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Fuelling a circular economy

image credit: Originally published at Biofuels International

Enerkem’s waste-to-biofuel technology chemically recycles carbon molecules in waste into added-value products

Imagine giving your living room a makeover using a bright new coat of paint – made from rubbish. Fiction? Not anymore. As countries around the world look for ways to transition from a linear economy – in which we take, make, use and dispose – to a circular economy – where we reduce, reuse and recycle – one innovative Canadian start-up has come up with a revolutionary idea: to develop and commercialise a disruptive technology that uses an abundant resource available everywhere – non-recyclable waste – as a resource to manufacture renewable chemicals.

Communities all over the world are struggling with the often huge challenge of waste management, and they are often desperate to find new ways to reduce waste sent to landfills and incinerators. More than 2 billion metric tonnes of waste is generated around the world every year. Despite the efforts and programmes introduced to recuperate materials that can be recycled or composted, more than 50% of this volume is still landfilled, creating environmental problems and generating methane emissions, which are 25 times more harmful than carbon dioxide (CO2).

While governments are developing policies to address the need for more sustainable energy, including low-carbon transportation fuels, global consumer goods manufacturers are also putting pressure on leading chemical manufacturers to replace hydrocarbon-based products with renewable chemical alternatives to meet the demand of their own customers. However, the challenge to reduce waste remains. Enerkem’s disruptive technology can help address these pressing environmental issues and fulfil the growing demand for greener products, or a ‘cradle to cradle’ solution in consumer products.

The technology is an advanced thermochemical process that chemically recycles carbon molecules contained in waste into added-value products, such as renewable methanol and ethanol. It takes waste in less than five minutes to produce a synthetic gas, and convert it into advanced low-carbon transportation biofuel – enough to fuel over 400,000 cars on a 5% ethanol blend. In turn, biofuels also help reduce greenhouse gas emissions by approximately 60% when compared to fossil fuel production and landfilling. Today, this technology is helping the City of Edmonton in Alberta, Canada increase its household waste diversion rate from about 50% today to 90%.

In Europe, driven by the demands of the circular economy, Enerkem is developing its first European project in the Netherlands, with a consortium led by AkzoNobel, Air Liquid, the Port of Rotterdam and Shell. The consortium, which has set up a dedicated joint venture company, has already undertaken extensive preparatory work, covering detailed engineering and the permitting process. It aims to take a final investment decision (FID) later in 2019 as it pursues development work and finalises the selection of an engineering and procurement contractor.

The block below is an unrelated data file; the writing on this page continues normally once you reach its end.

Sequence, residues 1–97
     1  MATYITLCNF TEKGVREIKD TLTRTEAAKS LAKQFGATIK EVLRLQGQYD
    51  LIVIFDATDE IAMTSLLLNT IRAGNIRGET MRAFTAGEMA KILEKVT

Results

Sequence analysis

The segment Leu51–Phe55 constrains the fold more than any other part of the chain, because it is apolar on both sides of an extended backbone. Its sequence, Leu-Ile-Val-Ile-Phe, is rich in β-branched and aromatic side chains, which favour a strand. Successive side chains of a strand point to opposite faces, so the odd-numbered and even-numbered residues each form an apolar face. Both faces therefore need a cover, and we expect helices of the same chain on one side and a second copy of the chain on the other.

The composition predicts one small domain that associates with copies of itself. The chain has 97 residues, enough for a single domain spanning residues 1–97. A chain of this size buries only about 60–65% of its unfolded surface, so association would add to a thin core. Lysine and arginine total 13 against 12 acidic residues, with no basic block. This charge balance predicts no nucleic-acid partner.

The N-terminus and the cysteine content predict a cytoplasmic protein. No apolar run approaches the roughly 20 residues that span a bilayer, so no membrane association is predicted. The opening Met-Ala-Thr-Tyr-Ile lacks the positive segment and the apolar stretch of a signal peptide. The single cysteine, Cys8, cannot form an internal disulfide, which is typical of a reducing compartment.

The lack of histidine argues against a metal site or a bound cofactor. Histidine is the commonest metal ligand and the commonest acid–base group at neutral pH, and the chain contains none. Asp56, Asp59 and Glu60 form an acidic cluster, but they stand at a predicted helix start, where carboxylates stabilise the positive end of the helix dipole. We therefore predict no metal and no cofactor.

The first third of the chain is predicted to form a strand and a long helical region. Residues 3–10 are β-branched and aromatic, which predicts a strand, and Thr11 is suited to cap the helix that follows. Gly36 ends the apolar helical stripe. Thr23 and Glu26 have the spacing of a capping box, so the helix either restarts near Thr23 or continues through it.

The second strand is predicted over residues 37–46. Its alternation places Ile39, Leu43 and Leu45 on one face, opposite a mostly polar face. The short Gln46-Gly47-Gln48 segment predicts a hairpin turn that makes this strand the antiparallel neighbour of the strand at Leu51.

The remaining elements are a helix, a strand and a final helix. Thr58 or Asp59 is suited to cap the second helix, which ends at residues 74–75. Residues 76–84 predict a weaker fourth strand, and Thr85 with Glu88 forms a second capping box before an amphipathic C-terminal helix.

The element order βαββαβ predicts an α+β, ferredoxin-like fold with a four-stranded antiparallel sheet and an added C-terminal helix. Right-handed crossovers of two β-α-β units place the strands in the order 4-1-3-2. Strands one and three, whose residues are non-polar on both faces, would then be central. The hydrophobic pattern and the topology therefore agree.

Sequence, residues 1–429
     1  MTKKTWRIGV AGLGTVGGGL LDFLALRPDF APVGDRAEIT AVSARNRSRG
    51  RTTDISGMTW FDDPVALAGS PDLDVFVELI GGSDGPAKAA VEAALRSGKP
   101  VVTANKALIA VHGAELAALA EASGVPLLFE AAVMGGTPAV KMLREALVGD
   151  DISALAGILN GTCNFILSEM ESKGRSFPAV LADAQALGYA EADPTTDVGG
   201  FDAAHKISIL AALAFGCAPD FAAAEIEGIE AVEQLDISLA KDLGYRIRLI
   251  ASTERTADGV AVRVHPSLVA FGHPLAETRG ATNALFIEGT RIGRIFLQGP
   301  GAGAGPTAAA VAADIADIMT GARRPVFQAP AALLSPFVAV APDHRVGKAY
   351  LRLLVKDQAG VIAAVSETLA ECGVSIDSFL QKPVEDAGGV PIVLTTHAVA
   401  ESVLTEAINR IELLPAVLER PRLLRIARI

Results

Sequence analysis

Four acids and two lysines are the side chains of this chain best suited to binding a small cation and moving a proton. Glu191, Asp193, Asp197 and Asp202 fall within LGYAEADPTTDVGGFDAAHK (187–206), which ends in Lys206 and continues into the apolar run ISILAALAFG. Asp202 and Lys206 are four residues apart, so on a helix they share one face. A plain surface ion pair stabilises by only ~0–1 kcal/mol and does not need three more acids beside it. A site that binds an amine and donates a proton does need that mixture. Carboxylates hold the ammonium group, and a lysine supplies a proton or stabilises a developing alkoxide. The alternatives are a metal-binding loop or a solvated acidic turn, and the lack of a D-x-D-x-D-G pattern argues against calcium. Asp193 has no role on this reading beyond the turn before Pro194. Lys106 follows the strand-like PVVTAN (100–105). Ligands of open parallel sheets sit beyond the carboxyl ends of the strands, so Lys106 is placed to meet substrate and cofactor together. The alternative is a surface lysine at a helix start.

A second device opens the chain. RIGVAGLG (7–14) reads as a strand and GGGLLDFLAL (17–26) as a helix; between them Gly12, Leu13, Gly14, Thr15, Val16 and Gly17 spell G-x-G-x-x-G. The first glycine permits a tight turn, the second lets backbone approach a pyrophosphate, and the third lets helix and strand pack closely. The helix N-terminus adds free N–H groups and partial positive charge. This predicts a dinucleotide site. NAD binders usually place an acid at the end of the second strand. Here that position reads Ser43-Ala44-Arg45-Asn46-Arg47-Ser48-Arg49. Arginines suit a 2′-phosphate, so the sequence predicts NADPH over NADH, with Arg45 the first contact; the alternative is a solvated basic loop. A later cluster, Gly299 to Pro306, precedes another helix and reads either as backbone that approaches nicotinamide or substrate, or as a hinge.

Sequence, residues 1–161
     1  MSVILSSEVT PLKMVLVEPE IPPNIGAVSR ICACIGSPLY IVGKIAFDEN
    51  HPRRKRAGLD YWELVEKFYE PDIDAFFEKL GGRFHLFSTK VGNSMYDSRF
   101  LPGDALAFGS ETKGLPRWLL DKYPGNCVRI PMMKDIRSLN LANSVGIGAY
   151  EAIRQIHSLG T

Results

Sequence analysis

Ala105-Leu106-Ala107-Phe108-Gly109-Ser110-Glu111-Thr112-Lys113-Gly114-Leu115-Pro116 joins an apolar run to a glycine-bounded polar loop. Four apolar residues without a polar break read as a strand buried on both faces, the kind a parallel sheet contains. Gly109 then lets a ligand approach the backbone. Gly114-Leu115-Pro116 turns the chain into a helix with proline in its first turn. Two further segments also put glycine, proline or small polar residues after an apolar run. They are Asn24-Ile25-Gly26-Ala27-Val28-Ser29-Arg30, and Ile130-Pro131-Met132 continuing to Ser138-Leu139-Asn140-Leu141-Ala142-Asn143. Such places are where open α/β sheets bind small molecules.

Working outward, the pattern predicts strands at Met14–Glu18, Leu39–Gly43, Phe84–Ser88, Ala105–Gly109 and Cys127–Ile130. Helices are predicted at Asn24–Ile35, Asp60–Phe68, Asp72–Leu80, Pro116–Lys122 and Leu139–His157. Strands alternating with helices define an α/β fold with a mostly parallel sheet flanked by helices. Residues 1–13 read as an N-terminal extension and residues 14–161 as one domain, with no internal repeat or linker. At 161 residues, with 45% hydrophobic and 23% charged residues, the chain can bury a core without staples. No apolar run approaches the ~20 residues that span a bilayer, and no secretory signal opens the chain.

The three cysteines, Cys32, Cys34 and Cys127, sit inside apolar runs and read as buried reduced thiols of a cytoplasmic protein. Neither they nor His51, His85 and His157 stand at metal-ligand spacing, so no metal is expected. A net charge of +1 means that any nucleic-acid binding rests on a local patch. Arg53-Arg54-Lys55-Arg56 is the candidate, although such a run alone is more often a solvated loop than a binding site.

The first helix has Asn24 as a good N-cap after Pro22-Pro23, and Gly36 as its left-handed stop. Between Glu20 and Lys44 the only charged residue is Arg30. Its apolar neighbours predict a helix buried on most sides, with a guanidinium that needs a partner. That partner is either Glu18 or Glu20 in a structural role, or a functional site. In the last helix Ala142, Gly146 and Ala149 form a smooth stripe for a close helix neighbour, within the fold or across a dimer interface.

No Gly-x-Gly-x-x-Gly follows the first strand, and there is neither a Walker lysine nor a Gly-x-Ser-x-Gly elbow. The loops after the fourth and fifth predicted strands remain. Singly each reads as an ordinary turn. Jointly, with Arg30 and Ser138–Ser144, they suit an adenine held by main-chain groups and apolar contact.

The planned facility will convert up to 360,000 tonnes of waste into 220,000 tonnes (270 million litres) of bio-methanol – a chemical building block that is used to manufacture a broad range of everyday products, as well as being a renewable fuel. This represents the total annual waste of more than 700,000 households and represents estimated CO2 emission savings of around 300,000 tonnes, when compared to the production of methanol from fossil fuels.

The facility will be built within the Botlek area of the Port of Rotterdam using Enerkem’s proprietary technology, and will convert non-recyclable mixed waste, including plastics, into syngas and then into clean methanol for use in the chemical industry and the transportation sector. This is a departure from today’s processes, in which methanol is generally produced from natural gas or coal.

Innovative clean technologies can help communities create value and meet local waste diversion objectives. While reducing pollution and greenhouse gas emissions, Enerkem’s technology can help the world shift from a linear economy to a circular economy that uses waste as a resource to produce sustainable products.

Since 2000, Enerkem has tested and validated several different feedstocks – from solid waste coming from several municipalities to dozens of other types of residues. Its exclusive process is environmentally sound and requires relatively low temperatures and pressures, which reduces energy requirements and costs. The technology was rigorously scaled up from pilot to demonstration to commercial stage over a 10-year period. Following the successful launch of its first facility, the company is now seeking to leverage its carbon recycling technology expertise to help solve the ever-growing issues related to ocean plastics waste.

Last year, Enerkem engaged in discussions with the Ocean Legacy Foundation, a Canadian non-profit organisation that carries out coastal clean-up expeditions, to explore ways in which soiled plastics can be recuperated from oceans to produce low carbon transportation fuels and chemicals, using the company’s technology.

This article first appeared in the May/June issue of Biofuels International magazine, and was written by Mick Kopis, communications and marketing advisor at Enerkem.


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